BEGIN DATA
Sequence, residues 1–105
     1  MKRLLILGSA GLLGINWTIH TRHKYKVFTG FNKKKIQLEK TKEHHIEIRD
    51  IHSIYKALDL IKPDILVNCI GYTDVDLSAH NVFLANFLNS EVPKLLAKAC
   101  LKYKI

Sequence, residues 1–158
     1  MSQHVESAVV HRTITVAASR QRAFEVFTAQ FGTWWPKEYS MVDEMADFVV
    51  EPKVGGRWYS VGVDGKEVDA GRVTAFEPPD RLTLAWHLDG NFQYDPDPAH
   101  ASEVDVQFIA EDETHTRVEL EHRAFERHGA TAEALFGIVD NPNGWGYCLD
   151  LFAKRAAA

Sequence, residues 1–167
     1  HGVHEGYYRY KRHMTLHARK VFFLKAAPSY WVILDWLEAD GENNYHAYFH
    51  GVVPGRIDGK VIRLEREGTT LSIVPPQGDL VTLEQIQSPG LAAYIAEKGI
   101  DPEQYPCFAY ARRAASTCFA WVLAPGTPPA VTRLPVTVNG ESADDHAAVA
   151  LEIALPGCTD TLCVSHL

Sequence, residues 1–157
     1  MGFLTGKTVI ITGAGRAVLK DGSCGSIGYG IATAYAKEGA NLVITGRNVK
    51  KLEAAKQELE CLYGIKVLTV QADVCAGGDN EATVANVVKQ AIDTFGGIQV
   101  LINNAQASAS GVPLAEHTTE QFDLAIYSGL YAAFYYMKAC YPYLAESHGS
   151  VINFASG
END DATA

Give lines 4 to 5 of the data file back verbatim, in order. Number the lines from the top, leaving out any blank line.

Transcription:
   101  LKYKI

Sequence, residues 1–158